If you have been arrested for a drug possession offense in Michigan, whether it’s the simple possession of marijuana, possession of analogues (meaning drugs like Vicodin and Xanax), or other controlled substances, including things like cocaine, ecstasy and heroin, a lot goes through your mind. Of course, you’re undoubtedly filled with regret (certainly regret at being caught), but chances are, the reality of possible drug offense on your record also has you worried. The point of this article is to reassure the reader – whether you’re the person facing the charge, or you’re researching for your child, partner, or someone close to you – that in most cases, many, if not all, of the negative consequences, including a drug conviction on your/their criminal record, can be avoided.
As of this writing in July of 2016, possession of marijuana (spelled marihuana in the law book) still violates state law except with a medical marijuana card. Certain municipalities have either de-criminalized or even legalized possession of small amounts of marijuana, but chances are, if you’re reading this, it’s because you were pulled over and found to have some in a jurisdiction where it is still illegal. I point this out because the attitude of some people regarding marijuana is a bit ahead of the law. For all the argument and analysis about how things should be, or likely will be down the road, the fact is that if you are found to be in possession of marijuana in most places, you will face a misdemeanor drug crime, and like all other possession charges, that subjects you to suspension of your driver’s license, making it all the more important to avoid such penalties by keeping the whole thing off of your record.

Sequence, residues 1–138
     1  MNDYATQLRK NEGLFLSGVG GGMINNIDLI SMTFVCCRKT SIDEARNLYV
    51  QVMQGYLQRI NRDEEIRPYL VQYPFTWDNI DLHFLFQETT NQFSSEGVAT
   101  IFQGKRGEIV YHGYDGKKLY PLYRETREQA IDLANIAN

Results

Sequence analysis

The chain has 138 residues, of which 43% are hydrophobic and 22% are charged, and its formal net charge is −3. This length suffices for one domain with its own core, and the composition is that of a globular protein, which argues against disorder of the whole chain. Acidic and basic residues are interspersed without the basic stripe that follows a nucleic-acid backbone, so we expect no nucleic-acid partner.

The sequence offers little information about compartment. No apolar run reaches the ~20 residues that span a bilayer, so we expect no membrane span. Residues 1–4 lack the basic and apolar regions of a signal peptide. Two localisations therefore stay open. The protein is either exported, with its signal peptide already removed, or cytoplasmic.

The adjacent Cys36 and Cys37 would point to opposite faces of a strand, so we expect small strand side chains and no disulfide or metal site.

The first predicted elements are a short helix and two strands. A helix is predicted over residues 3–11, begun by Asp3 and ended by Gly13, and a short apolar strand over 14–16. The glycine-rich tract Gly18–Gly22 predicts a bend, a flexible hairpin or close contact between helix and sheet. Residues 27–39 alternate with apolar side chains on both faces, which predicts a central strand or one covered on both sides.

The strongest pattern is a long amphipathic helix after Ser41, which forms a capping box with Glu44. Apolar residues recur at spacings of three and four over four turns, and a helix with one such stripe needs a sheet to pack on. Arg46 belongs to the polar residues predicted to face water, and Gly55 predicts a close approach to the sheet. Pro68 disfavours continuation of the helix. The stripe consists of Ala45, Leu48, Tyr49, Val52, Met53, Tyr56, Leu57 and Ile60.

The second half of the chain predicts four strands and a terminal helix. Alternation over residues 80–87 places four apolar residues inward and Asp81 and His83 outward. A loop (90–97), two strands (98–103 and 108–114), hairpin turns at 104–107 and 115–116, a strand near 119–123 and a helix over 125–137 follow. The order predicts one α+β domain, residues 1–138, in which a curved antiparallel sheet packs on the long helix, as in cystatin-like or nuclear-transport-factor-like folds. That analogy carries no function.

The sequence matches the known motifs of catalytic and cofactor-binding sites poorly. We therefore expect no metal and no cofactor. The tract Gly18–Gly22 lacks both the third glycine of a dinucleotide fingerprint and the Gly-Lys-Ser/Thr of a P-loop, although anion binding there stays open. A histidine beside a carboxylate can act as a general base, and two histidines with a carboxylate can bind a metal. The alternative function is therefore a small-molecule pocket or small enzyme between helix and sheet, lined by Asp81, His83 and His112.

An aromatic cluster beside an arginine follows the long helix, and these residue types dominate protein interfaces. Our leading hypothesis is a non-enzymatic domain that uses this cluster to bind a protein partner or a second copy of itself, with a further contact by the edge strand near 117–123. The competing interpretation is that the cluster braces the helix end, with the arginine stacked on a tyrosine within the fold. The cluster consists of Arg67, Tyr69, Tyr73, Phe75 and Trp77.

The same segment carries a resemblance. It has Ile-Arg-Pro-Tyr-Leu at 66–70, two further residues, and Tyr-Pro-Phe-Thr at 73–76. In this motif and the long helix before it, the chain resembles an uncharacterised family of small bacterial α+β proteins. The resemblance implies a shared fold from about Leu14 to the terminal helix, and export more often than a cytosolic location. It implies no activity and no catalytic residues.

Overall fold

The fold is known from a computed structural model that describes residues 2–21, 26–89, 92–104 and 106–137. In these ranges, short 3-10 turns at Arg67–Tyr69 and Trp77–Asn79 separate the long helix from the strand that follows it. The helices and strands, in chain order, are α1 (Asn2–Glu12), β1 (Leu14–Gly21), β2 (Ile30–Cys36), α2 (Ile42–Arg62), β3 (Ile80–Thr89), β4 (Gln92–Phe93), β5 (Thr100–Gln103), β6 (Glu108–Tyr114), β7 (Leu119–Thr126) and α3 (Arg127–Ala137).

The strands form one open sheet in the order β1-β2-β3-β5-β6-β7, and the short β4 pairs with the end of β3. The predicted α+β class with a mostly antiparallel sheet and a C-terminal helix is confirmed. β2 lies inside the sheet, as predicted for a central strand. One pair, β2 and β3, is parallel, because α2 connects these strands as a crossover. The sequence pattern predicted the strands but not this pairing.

To keep this article short, I’ll skip the in-depth analysis of the “legal maneuvers” required to keep a possession charge off of your record. In the real world, there are generally 2 ways this is done: For those who are under 24 years of age (in other words, the day of the arrest or citation must be before the person’s 24th birthday), a conviction can be avoided by what is called “HYTA” (pronounced “hi-ta” and formally known as the “Holmes Youthful Trainee Act.” Until recently it only applied before a person’s 21st birthday, but that has changed.), or what is commonly referred to as 7411 (said like “74-11” and referring to the actual Michigan Compiled Law –MCL 333.7411). Let’s repeat that more simply; drug possession charges are kept off of a person’s record by either using “HYTA” or “7411.” Unfortunately, in the real world, cases are often a bit more complicated, like when a person charged with possession of marijuana is also charged with possession of paraphernalia, or a DUI offense, as well. For anyone over 24, there is no HYTA available, and a conviction for possession of paraphernalia cannot be deferred under section 7411. This means that the lawyer will often have to do some creative negotiating to keep your record clean. No matter how you cut it, the bottom line is that you hire a lawyer to make things better, and in the world of drug possession and related charges, that means, first and foremost, keeping everything off of your record.